Smart water level sensor for borehole

Hi all, I have finished deploying my smart water level sensor for measuring the water level in a borehole. It can be integrated with Home Assistant and can even provide water consumption that is displayed in the energy dashboard.
The description below is the first version of a full description and I plan to update with more photos and more details about helper sensors that can be added.

A smart borehole depth measurement sensor

By Jeremy Cook

Version 2024.04.01

This is a description of my smart IoT sensor for measurement of the water depth in a borehole. The principle of the sensor is to measure water pressure at the lowest point of the well and convert this to depth or volume. For water, 1 bar of pressure usually equates to 10 meters of depth, and so from pressure we can calculate the depth of the water column in the borehole. In this solution the sensor values can be retrieved using the z-wave IoT standard protocol.

I am not much of an electronics wizard and so have used standard electronic components to construct the device part. The container is therefore quite large, but that doesn’t really matter as there is space
to install it in the intended location below the floor.

The IoT sensor uses a standard Z-wave component to communicate sensor values, and is compatible with Samsung smartthings, and can be used with Home Assistant. It was primarily designed to be used with a deep water borehole, but in principle it should work anywhere a submersible level sensor is required.

This document will be updated from time-to-time with additional photos and figures.

The Borehole

The borehole is close to the property. It has a diameter of 5.5 inches (13.95cm) and is approximately 65m deep. A borehole pump is fitted at the bottom of the borehole and pumps the water through a plastic food grade pipe to the surface. The pipe is connected to a pressure tank and configured so that the pump turns off when the desired pressure is reached and turns back on again when the pressure falls below a certain level. In this way we have constant running water.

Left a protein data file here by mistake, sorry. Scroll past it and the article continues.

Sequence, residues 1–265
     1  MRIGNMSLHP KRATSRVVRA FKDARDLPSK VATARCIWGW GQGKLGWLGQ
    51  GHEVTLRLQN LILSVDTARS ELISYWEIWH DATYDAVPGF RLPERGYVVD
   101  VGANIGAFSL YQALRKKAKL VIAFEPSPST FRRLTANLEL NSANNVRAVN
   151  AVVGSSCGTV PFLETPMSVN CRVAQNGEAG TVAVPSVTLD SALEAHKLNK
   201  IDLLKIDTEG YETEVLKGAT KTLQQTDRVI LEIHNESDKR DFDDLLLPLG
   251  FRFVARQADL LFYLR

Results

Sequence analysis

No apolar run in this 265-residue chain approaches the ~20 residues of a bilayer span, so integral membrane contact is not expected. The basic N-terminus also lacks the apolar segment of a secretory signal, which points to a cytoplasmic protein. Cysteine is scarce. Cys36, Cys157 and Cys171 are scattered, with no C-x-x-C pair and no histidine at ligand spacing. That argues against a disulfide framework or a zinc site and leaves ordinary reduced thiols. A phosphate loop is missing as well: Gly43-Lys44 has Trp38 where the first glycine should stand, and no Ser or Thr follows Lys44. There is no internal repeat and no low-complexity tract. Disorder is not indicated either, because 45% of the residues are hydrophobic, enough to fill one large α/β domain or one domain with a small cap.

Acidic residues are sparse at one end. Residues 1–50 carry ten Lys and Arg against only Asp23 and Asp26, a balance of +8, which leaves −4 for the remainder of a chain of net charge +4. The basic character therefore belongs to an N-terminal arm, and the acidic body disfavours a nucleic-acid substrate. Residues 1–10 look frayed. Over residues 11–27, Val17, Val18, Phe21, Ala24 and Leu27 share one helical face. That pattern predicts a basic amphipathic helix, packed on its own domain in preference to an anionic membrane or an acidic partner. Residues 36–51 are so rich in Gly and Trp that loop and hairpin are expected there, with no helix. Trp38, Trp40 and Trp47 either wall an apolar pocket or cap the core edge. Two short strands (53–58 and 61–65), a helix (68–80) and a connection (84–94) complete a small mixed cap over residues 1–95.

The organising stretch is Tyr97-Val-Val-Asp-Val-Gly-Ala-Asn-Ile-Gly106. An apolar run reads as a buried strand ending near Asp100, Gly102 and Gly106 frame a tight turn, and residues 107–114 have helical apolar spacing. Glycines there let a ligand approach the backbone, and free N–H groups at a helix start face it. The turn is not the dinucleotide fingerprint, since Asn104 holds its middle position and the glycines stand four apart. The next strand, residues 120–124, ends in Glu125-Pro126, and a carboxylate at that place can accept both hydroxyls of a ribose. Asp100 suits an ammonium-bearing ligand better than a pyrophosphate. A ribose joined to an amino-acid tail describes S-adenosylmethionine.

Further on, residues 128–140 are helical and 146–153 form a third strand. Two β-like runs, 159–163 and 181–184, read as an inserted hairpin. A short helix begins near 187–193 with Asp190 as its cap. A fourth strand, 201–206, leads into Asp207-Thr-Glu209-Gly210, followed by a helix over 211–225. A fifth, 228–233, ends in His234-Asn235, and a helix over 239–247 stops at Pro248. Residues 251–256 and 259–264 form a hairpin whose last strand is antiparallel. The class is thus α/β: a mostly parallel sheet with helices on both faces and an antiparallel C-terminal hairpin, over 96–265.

In order to know more about the well, limitations during drought periods, and to help know what is happening when there is a high usage, I have built a level measurement system to monitor the borehole. Since the borehole is close to the property a true wireless solution is not required and the sensor cable is run from the borehole into the building.

The level sensor

The level sensor needs to be dimensioned for the borehole so that it can be calibrated correctly. The level sensor used in this case is an HDL300 liquid level transmitter calibrated for 65m depth, and with a cable length of 80 meters. Several options are normally available but in this case an output signal of
4-20mA is selected as this is most likely to provide a reliable signal over a long distance.

Fibaro Smart implant


Previously I used the Fibaro Smart implant to indicate when the pump was turned on and decided to repurpose this device for the well monitor. The smart implant can be set up to measure voltage on either of the 2 analogue inputs. With a voltage range of 0-10V it should be adequate for the depth
measurements required. The smart implant is a Z-wave IOT device and works well with Samsung smartthings. There is a 3rd party edge driver available (Fibaro Smart Implant Mc[1]) which can be installed in the smartthings hub and is working well.

Amps to Volts

Since the smart implant will measure Volts we need to convert the signal from mA to Volt. For this I used a simple A-to-V converter of the sort that seems to be available all over eBay and other sites for a few Euro. There are many to choose from, you can search for example for “Current To Voltage Module Transmitter Signal Converter” to find something similar.

Connecting the whole thing together

I chose to connect the different components together using Veroboard to marshal the inputs and power supply, and a small amount of soldering. I did it this way mainly because I already had a circuit made up for the previous pump monitor and I could use this with very little change. Power comes from an external 12V power supply which can be bought at many outlets selling electronics. A suitable connector was sourced from a local electronics outlet. To connect the signal wires from the pressure sensor I decided to use an M12 connector which gives a robust connection. I also connected a DS18B20 thermometer, obtained from a local electronics outlet to the implant for measuring temperature at the water inlet. This gives me some idea of whether to turn on a heater to prevent frozen pipes during winter. The DS18B20 is connected using an M8 connector. The M12 and M8 connectors are robust connectors and while not strictly speaking necessary (you could just pass the cables through the enclosure walls) they do make a convenient solution if any component requires maintenance, and the devices need to be disconnected.


Schematic showing how the components are connected together

The individual components are mounted in a watertight container using circuit board mounting posts. I have mounted everything in the lid of the container so that it is easier to access if maintenance is required. The connections between the components, and the connectors, are made using a combination of soldered connections and screw connections.


Annotated image of the components after connecting everything together in a watertight container.